This article was reviewed by Truphosah Fridah Monah, Counseling Psychologist.
This article talks about dehumanization among people in the society. When people dehumanize others, they also dehumanize the self while responding to their harmful behaviors. When an individual is a perpetrator of social ostracism, one sees themselves as less human compared with when they engage in non-aversive interpersonal interactions due to the perceived immorality of their behavior. On the other hand, when an individual perpetrates social ostracism they see themselves as less human. Consequences of self-dehumanization are independent of any effects of self-esteem or mood of the person. In the human society, our humanity is caught up, bound up, inextricably, with each other.
When an individual dehumanizes the other, they inexorably dehumanize themselves. This is from the spirit of “Ubuntu” where it states that “I am because we are” meaning that we cannot exist independent of our relationships with others. We need others and also we need to feel that they are human so that we also feel human and complete. This in other words means that the moment we harm others, our humanity is reduced due to treating others without dignity and respect.
Inhuman acts affect both the victim and the perpetrator, when people hurt or harm others, they are seen to be less humans who cannot stand being human enough and uphold dignity and respect for themselves and others thus making them less good to be rehabilitated. An observer of the dehumanizing acts sees the perpetrators as dangerous, irrevocable, and worthy of retribution because causing harm to another person may also affect perceptions of the self.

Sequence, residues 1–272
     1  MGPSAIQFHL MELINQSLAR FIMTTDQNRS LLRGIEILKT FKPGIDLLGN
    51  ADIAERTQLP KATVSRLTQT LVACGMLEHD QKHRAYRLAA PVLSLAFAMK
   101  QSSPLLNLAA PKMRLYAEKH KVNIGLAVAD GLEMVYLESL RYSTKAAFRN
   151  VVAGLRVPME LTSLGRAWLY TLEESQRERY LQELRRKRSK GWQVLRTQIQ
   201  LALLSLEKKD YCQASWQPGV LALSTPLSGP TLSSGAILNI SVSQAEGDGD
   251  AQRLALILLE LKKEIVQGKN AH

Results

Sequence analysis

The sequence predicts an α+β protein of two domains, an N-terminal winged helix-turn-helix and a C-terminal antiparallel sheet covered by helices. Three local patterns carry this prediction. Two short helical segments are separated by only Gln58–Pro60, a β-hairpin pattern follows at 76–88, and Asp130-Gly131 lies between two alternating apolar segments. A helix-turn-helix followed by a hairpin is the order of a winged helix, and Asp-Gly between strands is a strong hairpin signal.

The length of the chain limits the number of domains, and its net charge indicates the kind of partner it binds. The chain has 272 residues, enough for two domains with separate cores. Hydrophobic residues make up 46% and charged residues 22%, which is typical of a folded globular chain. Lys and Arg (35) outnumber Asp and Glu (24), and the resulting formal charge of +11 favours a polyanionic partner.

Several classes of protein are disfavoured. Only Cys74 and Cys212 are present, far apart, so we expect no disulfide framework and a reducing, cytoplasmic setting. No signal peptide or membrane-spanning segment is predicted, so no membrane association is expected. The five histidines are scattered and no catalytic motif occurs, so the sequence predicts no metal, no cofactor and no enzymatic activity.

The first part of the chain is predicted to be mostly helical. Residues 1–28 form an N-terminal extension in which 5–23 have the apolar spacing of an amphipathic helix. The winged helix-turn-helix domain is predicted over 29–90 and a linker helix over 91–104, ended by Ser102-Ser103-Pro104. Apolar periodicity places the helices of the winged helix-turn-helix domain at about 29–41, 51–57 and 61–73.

What many fail to understand from this kind of an approach is that one’s humanity is dependent on the humanity of those around us. And very little is known and said about the self-concept of perpetrators of dehumanization where self-dehumanization which is the mistreatment of others is seen to be a normal response. When an individual comes to term with their dehumanizing acts, there is a functional response that comes from them.
When one feels that they have lost their humanity, they may be motivated to engage in a prosocial way with others thereby reconnecting them back into their human community and re-establishing their moral status. The common belief that is one sided when it comes to dehumanization makes us overlook the need of perpetrators for psychosocial rehabilitation. They too are empty and need to be filled with desire for self-love and self-respect.
The author of the article is
Bastian B.; Jetten J.; Chen H.; Radke M. R. H.; Harding F. J.; Fasoli F. (2012). Losing Our Humanity: The Self-Dehumanizing Consequences of Social Ostracism. Personality and Social Psychology Bulletin 39(2) 156–169 DOI: 10.1177/0146167212471205